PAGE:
Sweet Heart – Affairs of the Heart
What, actually, is the definition of “heart”? Technically, it is a hollow muscular organ of vertebrate animals, that by its rhythmic contraction acts as a forceful pump maintaining the circulation of the blood. But get out a dictionary and it’s defined as a lot more:
- The graphic symbol doodled and represented from the time we’re old enough to get crayons in our hands
- A suit of playing cards that can get people in trouble if they bet on them showing up in a five-card flush
- A personality, as in such a cold heart
- A generous disposition, such as a person with heart
- Our innermost character or feelings… a man after my own heart
- Grabbing your chest as in be still my heart
- This being Valentines, let’s not forget love and affection, such as won her heart
It’s even an idiom wonder:
Cross my heart. Whole hearted. Sick at heart. Have a heart. Have your heart set on. Even artichoke hearts. Get the idea?
But let’s get to the heart we should be most concerned with.
Your Most Significant Other
Our hearts are what pump life into us. But they can also take it away. The fact is, heart disease is now our No. 1 killer with more women dying of it than men. Enough said.
Jeez, the Jargon
More than a muscle, the heart is a puzzle, a complex whirling bedlam of interconnected parts that all depend on each other. It’s hard, or nearly impossible for us to understand everything that’s involved. Its physiology alone, can sound like scary gibberish:
- Arrhythmogenic right ventricular dysplasia (ARVD)
- Saphenous vein
- Mitral stenosis
- Superior and inferior venae cavae
- Sinoatrial node
And you thought antidisestablishmentarianism was a tough one.
The Tic, Tic, Tic of Your Ticker
There are some things about your heart that can be explained in plain English. They’re actually pretty informative and even fascinating.
- A human heart is roughly the size of a large fist
- Your heart pumps 60-80 times a minute, 100,000 times a day and 3 billion times over the course of a lifetime
- The heart weighs between 10 to 12 ounces in men and 8 to 10 ounces in women
- The heart pumps blood to almost all of the body’s 75 trillion cells. Only the corneas receive no blood supply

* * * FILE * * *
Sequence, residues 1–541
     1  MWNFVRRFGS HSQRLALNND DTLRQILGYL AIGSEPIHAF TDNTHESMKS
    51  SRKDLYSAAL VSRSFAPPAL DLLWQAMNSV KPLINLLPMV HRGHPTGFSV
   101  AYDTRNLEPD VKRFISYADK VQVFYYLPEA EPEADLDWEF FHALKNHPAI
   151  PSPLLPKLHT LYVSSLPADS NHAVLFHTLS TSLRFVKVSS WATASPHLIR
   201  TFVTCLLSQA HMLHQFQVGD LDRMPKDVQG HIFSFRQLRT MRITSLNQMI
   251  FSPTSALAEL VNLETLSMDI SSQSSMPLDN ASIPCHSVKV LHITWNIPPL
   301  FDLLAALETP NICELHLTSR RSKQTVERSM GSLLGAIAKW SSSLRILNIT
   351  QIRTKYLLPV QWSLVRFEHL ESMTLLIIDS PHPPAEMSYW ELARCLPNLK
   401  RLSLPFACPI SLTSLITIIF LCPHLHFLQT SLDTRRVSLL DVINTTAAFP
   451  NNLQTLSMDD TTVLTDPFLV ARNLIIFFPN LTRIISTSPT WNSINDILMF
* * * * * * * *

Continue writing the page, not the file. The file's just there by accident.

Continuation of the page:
- A kitchen faucet would need to be turned on all the way for at least 45 years to equal the amount of blood pumped by the heart in an average lifetime
- Because the heart has its own electrical impulse, it can continue to beat even when separated from the body, as long as it has an adequate supply of oxygen
- Every day, the heart creates enough energy to drive a truck 20 miles. In a lifetime, that is equivalent to driving to the moon and back
- Some heavy snorers may have a condition called obtrusive sleep apnea (OSA), which can negatively affect the heart
- Christiaan Barnard (November 1922 – September 2001), was a South African cardiac surgeon who performed the world’s first successful human-to-human heart transplant
- French physician Rene Laennec (1781-1826) invented the stethoscope when he felt it was inappropriate to place his ear on his large-buxom female patients’ chests in order to listen to their hearts. We couldn’t resist adding this one.
Heart and Soul
What’s to love about feeling out of whack all over? Anxiety. Fatigue. Sleep problems.
What’s going on? Usually you attribute these things to something else, when in fact, it could be that your hormones are out of balance. Which can make your whole life feel out of balance. Hormones can become unbalanced anytime throughout your life regardless of age or sex. But here’s something you’ll love; at Denver Hormone Health, Dr. Stephan A. Goldstein can get you going full speed again. With his unparalleled experience and expertise in the field of Hormone Replacement, he knows just what to do. Simple tests will tell him what’s really going on, and from there, he creates a treatment tailored exactly to resolve your problems. Give yourself the valentine of feeling your best and call for an appointment now.
One visit and you’ll know his heart’s in the right place.